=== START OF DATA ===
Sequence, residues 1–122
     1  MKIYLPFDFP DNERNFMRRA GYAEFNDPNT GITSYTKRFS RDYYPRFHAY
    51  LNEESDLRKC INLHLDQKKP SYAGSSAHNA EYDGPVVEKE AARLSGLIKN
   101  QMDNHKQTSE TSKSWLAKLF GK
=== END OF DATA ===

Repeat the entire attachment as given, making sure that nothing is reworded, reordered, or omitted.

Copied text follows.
Sequence, residues 1–122
     1  MKIYLPFDFP DNERNFMRRA GYAEFNDPNT GITSYTKRFS RDYYPRFHAY
    51  LNEESDLRKC INLHLDQKKP SYAGSSAHNA EYDGPVVEKE AARLSGLIKN
   101  QMDNHKQTSE TSKSWLAKLF GK